We covered essential hygiene lessons:

- Demonstrations on how to build a simple handwashing station

- Proper handwashing technique

- The importance of using soap and clean water for handwashing

- Cleaning and disinfecting commonly touched surfaces including at the water point.

We covered COVID-19-specific guidance in line with national and international standards:

- Information on the symptoms and transmission routes of COVID-19

- What social distancing is and how to practice it

- How to cough into an elbow

- Alternative ways to greet people without handshakes, fist bumps, etc.

- How to make and properly wear a facemask.

During training, we installed a new handwashing station with soap near the community’s water point,

Due to the rampant spread of misinformation about COVID-19, we also dedicated time to a question and answer session to help debunk rumors about the disease and provide extra information where needed.

Water access, sanitation, and hygiene are at the crux of disease prevention. You can directly support our work on the frontlines of COVID-19 prevention in all of the communities we serve while maintaining their access to safe, clean, and reliable water.

February, 2020: Mukuku Community sand dam complete!

Mukuku, Kenya now has access to a new source of water thanks to your donation. A new sand dam was constructed on a sandy riverbed, which will build up sand to raise the water table and naturally filter water.

We worked with the Mukuku Self-Help Group for this project. The members and their families contributed materials and physical labor to complete the project. In addition, they were trained on various skills such as bookkeeping, financial management, project management, group dynamics, and governance. We also conducted a hygiene and sanitation training to teach skills like soapmaking and to help improve behaviors such as handwashing.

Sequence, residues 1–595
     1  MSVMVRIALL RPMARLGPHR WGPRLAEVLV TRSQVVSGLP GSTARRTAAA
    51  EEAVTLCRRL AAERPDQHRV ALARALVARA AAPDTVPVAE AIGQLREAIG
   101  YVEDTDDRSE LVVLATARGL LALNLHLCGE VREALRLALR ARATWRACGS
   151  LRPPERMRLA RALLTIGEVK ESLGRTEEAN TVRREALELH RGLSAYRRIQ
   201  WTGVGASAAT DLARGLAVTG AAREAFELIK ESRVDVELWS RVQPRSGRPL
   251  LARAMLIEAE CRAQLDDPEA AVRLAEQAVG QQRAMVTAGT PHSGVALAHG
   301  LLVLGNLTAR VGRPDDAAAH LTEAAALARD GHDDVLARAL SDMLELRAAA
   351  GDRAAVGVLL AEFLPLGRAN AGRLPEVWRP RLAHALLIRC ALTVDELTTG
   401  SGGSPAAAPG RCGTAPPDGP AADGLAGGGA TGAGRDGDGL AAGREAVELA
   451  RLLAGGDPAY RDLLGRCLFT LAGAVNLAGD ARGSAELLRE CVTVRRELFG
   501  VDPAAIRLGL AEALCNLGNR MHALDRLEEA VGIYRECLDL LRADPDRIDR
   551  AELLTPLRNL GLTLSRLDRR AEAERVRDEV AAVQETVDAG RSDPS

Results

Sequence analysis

When an issue arises concerning the water project, the group members are equipped with the necessary skills to rectify the problem and ensure it works appropriately. However, if the issue is beyond their capabilities, they can contact our team of field officers to assist them.

Sand Dam

The community members collected all of the local materials like rocks and sand that were required for the successful completion of the dam. They also provided labor to support our artisans. The collection of the raw construction materials takes longer than the actual construction. For a large sand dam, materials collection could take up to 4 months.

Siting and technical designs were drawn and presented to the Water Resources Management Authority and a survey sent to the National Environment Management Authority for approval before construction started. Once approved, we established firm bedrock at the base of the sand dam wall. In the absence of good bedrock, excavation is done up to a depth at which the technical team is satisfied that the ground is firm enough to stop seepage.

Then mortar (a mixture of sand, cement, and water) is mixed and heaped into the foundation. Rocks are heaped into the mortar once there is enough to hold. Barbed wire and rebar are used to reinforce the mixture.

Once the foundation is complete, a skeleton of timber is built to hold up the sludge and rocks above ground level. The process is then repeated until a sufficient height, width and length are built up. The vertical timber beams are dismantled and the dam is left to cure.

The dam measures 55 meters long and 5.2 meters high and took 2000 bags of cement to build.

Sand dam construction was simultaneous to the construction of a hand-dug well, which gives locals a safer method of drawing water. As the sand dam matures and stores more water, more of it will be accessible as drinking water from the well. To see that hand-dug well, click here.

As soon as it rains, the dam will begin to build up sand and store water. With this water, the surrounding landscape will become lush and fertile. However, it could take up to 3 years of rain for this sand dam to reach maximum capacity.

New Knowledge

The trainer conferred with the field staff about their previous visits to households and interviews with community members to determine which topics the community still could improve upon.

They decided to train on topics including health problems in the community; good and bad hygiene behaviors; how diseases spread and their prevention; choosing sanitation improvements; choosing improved hygiene behaviors; planning for behavioral change; handwashing; and soapmaking.

The training was held at Musee Ngumbi’s homestead, who is a member of the group. The weather was sunny throughout the training. The venue had several trees that provided adequate shade for all of the participants. It was a peaceful and quiet environment that was conducive to learning.